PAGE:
With the return to our screens of BBC's hugely successful 'Strictly Come Dancing', it's the time of year when ballroom dancing enjoys a renaissance around the country. Frequent Strictly performers Vincent Simone and Flavia Cacace are certainly no strangers to the West End when it comes to bringing the fiery passion, drama and impressive movement to live audiences, and their latest production is possibly their greatest stage achievement yet.
It's easy to be cynical about this format, falling in between the stools of traditional musical theatre and dance shows such as Contact or Movin' Out, but this format delights and astonishes audiences who remain in awe at the skill and perfection on offer, and it certainly makes for an entertaining and at times moving evening of impressive performances.
The production is given added theatrical resonance by Morgan Large's inventive and highly imaginative set that creates a robust and expressive atmosphere to frame the whole production. On a split level attic full of memories, the narrative framing device of George, an old man who looks through his possessions as memories are stirred in everything he touches provides an opportunity for a personal story to be told, one that takes in the pre-war innocence of a British seaside summer alongside the emotions of losing a loved one to the horrors of the Second World War. Yes, this framing device is overly saccharine and dutifully earnest, but it serves its purpose – to provide a canvass for Vincent, Flavia and an incredibly dynamic ensemble to do what they do best – dance up a storm.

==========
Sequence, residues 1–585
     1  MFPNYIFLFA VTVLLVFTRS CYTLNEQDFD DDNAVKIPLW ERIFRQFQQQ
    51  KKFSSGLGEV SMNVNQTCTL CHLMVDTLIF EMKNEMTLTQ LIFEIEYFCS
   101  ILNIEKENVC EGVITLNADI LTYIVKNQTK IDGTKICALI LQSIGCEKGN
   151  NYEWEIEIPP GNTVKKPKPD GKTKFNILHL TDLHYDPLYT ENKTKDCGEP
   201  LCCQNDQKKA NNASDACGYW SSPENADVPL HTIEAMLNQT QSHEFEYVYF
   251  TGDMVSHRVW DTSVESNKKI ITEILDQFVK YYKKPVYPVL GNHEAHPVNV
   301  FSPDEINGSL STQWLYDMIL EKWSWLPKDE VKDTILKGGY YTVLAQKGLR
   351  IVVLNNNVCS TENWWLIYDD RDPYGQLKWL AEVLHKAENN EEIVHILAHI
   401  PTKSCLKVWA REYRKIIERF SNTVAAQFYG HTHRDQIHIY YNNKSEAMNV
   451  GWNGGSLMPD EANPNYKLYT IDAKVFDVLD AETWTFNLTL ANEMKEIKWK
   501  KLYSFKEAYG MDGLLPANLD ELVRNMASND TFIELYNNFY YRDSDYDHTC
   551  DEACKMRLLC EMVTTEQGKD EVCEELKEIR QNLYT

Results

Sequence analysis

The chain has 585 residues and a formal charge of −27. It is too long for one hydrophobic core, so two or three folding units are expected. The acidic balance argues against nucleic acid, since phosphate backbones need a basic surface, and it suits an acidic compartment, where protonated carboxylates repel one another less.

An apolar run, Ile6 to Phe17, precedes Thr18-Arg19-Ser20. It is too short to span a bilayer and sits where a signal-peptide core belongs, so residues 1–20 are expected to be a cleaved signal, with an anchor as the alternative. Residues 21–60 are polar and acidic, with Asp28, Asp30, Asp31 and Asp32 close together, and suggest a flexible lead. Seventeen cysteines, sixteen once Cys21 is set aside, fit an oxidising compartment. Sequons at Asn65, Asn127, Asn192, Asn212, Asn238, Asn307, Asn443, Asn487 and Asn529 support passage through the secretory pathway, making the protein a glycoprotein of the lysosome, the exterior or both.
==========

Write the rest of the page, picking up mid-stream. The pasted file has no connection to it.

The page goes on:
The simple yet moving narrative provides a necessary structure to the piece that allows different styles of choreography to shine, from Lindy-hop to the jive, from traditional ballroom to the dramatic tango conclusion. Aided by some delicious costumes and lighting design the end result is a rich visual feast that consistently entertains.
Steve Geere's musical direction leads an accomplished live band through a string of recognisable hits which again blends style, period and genre. Hits from Guys and Dolls and Andrew Lippa's The Wild Party sit against the emotive strains of Schindler's List and wartime favourites such as "Boogie Woogie Bugle Boy", adding to the eclectic tapestry that the show weaves.
Despite being stars of the show, Vincent and Flavia are a generous leading couple who use their highly skilled ensemble effectively throughout to create a set of high-energy show-stopping routines that highlight each cast members particular dancing skills with exceptional choreography aided by Karen Bruce. For all the narrative gloss and perky optimism the show doesn't overplay its hand until the final number, when the audience are treated to a spectacular encore tango by the masters themselves. Their legs fly with breathtaking skill and coordination that has the audience on the edge of their seats, saving their trump card until the very final moments. Together they burn up the floor with their chemistry and innate passion that is a perfect display of two esteemed performers doing what they do best.
For all the extraneous trappings it's difficult to not be won over by the sheer skill and intense passion that create a perfect tonic for an enchanting evening.